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What are post-docs?

  1. Jul 1, 2012 #1
    All I understand that people do it after getting a PhD. , can you tell exactly what they do and do they get paid for what they do? Especially in Math..
     
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  3. Jul 1, 2012 #2

    Simon Bridge

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    MS Word files sent via snail mail :)

    Post Doctorate students are people who keep studying after they have obtained their doctorates. That's the totality of what the term means. They usually find themselves working for a living while they study and colleges frequently offer positions to them. If they are working in a college then it will be as part of the college's post-doctoral program and they are pretty much academics-in-training .... they'll be doing whatever teaching staff normally do in the department as well as some sort of project work ... maybe their own.

    If you are approaching the end of a doctorate, then you should have (or obtain) a good knowledge of what your college has available. Your doctoral supervisor should clue you in.

    But if you are asking: "what is a post-doc to me as a regular member of the public?" then - if someone is introduced as "a post-doc" you can generally take it that they have already contributed original work to their field that the college/professor thought was of sufficient worth that they should stay in academia. They've probably also published, as a co-author usually, in a peer-reviewed journal.

    I've never really understood what mathematicians do all day, in detail, but they are pretty handy people to have around :) - I sort-of recollect the one's I knew basically doing what I did (research) but in math. New ways of expressing things, working for solutions to long-standing puzzles, trying for new applications of existing math ... you know, the usual.
     
    Last edited: Jul 1, 2012
  4. Jul 2, 2012 #3

    Choppy

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    "Post-docs" aren't generally considered students.

    This is a generic term that his generally used for temporary academic research positions that are most frequently awarded to recent PhD graduates. Such positions are contract work where you would be hired on for a period of usually 2-3 years to work on a specific project with limited external responsibilities. Post-docs, for example, are generally not required to teach or be members of committees. The point of the positions are usually to make as much scientific progress as possible in the limited time before the grant runs out.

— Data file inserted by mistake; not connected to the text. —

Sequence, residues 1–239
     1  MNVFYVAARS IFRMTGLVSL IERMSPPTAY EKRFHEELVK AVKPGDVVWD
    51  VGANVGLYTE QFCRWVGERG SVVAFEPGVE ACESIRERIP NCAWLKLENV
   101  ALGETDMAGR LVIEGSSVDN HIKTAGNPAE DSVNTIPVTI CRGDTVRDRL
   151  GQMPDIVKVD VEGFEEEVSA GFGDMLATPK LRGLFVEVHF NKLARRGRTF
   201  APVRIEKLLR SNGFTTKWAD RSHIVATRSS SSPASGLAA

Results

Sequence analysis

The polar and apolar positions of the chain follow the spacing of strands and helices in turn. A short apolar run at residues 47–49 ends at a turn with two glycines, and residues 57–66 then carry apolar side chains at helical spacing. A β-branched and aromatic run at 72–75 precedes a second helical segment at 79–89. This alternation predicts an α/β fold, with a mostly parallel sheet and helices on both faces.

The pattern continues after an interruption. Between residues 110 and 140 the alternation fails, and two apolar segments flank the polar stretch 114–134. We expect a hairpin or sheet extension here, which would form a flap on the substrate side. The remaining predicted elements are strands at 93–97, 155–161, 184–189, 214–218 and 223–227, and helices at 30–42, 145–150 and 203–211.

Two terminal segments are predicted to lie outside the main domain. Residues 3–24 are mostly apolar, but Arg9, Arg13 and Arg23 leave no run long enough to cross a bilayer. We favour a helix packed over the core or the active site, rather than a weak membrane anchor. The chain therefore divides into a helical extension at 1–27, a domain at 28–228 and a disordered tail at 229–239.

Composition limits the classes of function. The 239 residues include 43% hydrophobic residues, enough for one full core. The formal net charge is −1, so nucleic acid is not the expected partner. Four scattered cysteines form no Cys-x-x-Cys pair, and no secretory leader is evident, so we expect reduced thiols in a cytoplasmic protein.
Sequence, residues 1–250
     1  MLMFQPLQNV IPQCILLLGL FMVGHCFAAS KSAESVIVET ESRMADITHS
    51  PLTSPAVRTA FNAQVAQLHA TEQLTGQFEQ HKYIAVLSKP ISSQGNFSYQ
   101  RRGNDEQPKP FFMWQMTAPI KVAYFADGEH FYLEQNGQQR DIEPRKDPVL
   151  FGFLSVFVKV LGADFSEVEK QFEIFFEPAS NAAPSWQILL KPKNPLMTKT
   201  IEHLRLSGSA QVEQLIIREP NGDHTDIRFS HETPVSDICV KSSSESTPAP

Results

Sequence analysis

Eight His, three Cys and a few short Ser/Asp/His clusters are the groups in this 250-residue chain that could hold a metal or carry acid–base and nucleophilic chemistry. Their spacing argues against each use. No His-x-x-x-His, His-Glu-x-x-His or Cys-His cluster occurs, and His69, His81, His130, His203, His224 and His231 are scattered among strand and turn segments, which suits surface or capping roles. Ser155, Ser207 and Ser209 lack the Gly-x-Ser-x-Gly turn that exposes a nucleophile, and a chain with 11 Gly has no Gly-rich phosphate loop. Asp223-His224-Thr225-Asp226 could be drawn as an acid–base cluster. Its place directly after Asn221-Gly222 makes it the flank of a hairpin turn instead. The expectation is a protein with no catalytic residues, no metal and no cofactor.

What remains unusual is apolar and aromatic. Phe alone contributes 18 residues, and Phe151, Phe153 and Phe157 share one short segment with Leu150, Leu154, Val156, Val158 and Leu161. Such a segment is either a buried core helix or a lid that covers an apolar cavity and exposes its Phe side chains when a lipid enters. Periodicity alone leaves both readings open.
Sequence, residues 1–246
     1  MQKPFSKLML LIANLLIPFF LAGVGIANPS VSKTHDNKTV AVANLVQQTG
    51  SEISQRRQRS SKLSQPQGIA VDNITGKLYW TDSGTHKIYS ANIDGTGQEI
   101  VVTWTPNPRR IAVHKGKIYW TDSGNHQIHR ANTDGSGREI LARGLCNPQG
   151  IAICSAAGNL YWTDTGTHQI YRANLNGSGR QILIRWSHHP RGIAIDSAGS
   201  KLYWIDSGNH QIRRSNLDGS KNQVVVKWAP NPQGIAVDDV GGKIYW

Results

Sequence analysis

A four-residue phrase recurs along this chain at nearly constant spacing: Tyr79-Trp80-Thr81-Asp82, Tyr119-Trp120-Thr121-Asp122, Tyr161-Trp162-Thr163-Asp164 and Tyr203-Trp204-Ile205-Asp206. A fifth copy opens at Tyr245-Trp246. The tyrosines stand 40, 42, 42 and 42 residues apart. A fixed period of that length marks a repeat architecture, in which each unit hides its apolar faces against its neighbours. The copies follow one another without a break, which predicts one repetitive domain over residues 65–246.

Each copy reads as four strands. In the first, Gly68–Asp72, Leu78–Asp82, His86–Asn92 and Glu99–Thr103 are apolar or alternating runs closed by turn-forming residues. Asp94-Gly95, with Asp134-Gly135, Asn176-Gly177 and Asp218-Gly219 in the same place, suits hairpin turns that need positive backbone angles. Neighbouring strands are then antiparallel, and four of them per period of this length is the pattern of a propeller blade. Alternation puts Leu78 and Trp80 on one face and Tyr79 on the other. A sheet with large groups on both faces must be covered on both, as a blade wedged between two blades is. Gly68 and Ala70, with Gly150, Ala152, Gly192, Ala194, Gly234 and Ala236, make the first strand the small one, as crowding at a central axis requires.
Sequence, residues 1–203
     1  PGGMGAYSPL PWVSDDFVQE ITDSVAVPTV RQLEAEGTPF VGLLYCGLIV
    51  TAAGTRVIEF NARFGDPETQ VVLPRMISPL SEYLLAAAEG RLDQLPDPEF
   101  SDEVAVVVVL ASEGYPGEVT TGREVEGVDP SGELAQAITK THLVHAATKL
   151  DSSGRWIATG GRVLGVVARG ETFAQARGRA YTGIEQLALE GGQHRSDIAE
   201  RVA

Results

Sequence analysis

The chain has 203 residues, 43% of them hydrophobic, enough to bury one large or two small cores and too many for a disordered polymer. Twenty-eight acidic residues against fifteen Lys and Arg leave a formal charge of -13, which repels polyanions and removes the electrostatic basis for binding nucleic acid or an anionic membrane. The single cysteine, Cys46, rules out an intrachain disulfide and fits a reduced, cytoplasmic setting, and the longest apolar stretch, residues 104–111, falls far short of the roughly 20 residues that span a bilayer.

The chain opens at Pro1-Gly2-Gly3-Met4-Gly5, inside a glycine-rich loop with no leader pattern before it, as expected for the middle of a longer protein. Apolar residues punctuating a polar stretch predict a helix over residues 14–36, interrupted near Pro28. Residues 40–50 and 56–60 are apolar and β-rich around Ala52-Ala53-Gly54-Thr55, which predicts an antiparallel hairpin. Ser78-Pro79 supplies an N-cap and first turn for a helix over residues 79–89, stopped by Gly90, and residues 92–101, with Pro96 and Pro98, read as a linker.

5. Jul 2, 2012 #4
    And how much do these post-docs usually make.
     
  6. Jul 2, 2012 #5
    I think if you are not willing or able to answer the question about salary in scientific research with a Google search yourself, then you possibly shouldn't worry about salaries in research (at least not now).
     
  7. Jul 2, 2012 #6
    It HIGHLY depends on the country and the project, so there's no one answer to this :biggrin:
     
  8. Jul 2, 2012 #7
    I smiled.
     
  9. Jul 2, 2012 #8

    jtbell

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    I think it's safe to say that in the US, an academic postdoc usually makes more than a graduate student stipend, but less than a tenure-track assistant professor, in the same university and department.
     
  10. Jul 2, 2012 #9
    Ok everybody, thank you for your feedback.
     
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